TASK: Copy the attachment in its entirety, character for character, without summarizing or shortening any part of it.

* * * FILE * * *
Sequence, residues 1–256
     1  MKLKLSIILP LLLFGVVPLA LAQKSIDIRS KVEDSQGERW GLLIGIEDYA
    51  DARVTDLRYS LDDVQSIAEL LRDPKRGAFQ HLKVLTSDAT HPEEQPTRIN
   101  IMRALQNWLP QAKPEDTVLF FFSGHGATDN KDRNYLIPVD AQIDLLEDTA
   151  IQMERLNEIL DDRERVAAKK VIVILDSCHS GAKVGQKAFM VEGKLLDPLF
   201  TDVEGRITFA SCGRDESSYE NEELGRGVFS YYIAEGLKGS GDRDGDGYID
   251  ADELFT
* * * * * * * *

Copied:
Sequence, residues 1–256
     1  MKLKLSIILP LLLFGVVPLA LAQKSIDIRS KVEDSQGERW GLLIGIEDYA
    51  DARVTDLRYS LDDVQSIAEL LRDPKRGAFQ HLKVLTSDAT HPEEQPTRIN
   101  IMRALQNWLP QAKPEDTVLF FFSGHGATDN KDRNYLIPVD AQIDLLEDTA
   151  IQMERLNEIL DDRERVAAKK VIVILDSCHS GAKVGQKAFM VEGKLLDPLF
   201  TDVEGRITFA SCGRDESSYE NEELGRGVFS YYIAEGLKGS GDRDGDGYID
   251  ADELFT